MSSQL 2008 - Moving rows up or down without 'ORDER BY' code?

When I do a simple SELECT * FROM Mytable, it list the values in the order they were inserted, however, is there anyway to physically make a change to that order so that every time I do a select * from Mytable the changed order appears?

The reason why I need it this way is because I'm planning in inserting a 'move up' and 'move down' arrow in my grid software, and I thought this would be best instead of using ini files and complex coding.
John86aAsked:
Who is Participating?
 
itsdivyaksCommented:
I created a table with p (col1,col2,col3)
col3 - IDENTITY
and inserted some rows and using select * from p and it gave the following:
col1 col2 col3
7      2      1
7      2      2
7      2      3
1      2      4
2      2      5

Then I created index


/****** Object:  Index [test]    Script Date: 04/08/2011 16:31:03 ******/
CREATE CLUSTERED INDEX [test] ON [dbo].[p]
(
      [col1] ASC
)WITH (PAD_INDEX  = OFF, STATISTICS_NORECOMPUTE  = OFF, SORT_IN_TEMPDB = OFF, IGNORE_DUP_KEY = OFF, DROP_EXISTING = OFF, ONLINE = OFF, ALLOW_ROW_LOCKS  = ON, ALLOW_PAGE_LOCKS  = ON) ON [PRIMARY]
GO


After that, I run the query select * from p and then i get the following records:
col1 col2 col3
1      2      4
2      2      5
7      2      1
7      2      2
7      2      3
0
 
itsdivyaksCommented:
Another way to change the order of items in the select statement is to create a clustered index on the column you want the default select statement with out using the order by clause
0
 
John86aAuthor Commented:
Can you illustrate with an example please?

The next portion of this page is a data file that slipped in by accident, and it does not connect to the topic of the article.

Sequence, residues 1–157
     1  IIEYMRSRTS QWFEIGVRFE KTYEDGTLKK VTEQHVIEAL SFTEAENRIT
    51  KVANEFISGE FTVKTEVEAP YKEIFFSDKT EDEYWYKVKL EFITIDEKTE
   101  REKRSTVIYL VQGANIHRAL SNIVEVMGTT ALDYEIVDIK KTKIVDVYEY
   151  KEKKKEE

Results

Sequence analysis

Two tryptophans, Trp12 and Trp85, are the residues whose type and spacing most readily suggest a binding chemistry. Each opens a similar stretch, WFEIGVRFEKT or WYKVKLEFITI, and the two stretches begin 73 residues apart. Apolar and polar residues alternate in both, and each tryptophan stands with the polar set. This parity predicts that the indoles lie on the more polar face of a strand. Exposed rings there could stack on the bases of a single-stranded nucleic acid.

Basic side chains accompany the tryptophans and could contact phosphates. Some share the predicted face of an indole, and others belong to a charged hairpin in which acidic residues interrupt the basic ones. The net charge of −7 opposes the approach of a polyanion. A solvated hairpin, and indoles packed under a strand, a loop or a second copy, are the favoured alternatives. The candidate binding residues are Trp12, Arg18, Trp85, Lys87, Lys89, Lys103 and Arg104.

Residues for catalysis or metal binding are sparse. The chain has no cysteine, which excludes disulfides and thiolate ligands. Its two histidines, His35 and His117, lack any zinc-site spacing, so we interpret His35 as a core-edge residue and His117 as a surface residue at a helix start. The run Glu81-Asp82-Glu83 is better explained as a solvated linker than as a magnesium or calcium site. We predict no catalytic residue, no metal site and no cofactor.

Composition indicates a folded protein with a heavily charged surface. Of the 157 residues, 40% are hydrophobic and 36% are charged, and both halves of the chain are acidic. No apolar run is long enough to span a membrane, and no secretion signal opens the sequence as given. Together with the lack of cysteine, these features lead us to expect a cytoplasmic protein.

0
Ultimate Tool Kit for Technology Solution Provider

Broken down into practical pointers and step-by-step instructions, the IT Service Excellence Tool Kit delivers expert advice for technology solution providers. Get your free copy now.

 
SharathData EngineerCommented:
The records in a table are unorderd set. There is no ordering between the records until you mention the order in your query. Creating clustered index will consume some memory. Create the clustered index if you have other reason also. I dont think creating a clustered index is good idea for just sort purpose. For that matter, you have ORDER BY clause.
0
 
John86aAuthor Commented:
That's almost what I need, but it'll do.
Thank you!
0
 
Anthony PerkinsCommented:
If you are under the false illusion that SQL Server will always sort your results without using an ORDER BY clause then you had better think again: SQL Server does not guarantee any order unless an ORDER BY clause is used.
0
Question has a verified solution.

Are you are experiencing a similar issue? Get a personalized answer when you ask a related question.

Have a better answer? Share it in a comment.

All Courses

From novice to tech pro — start learning today.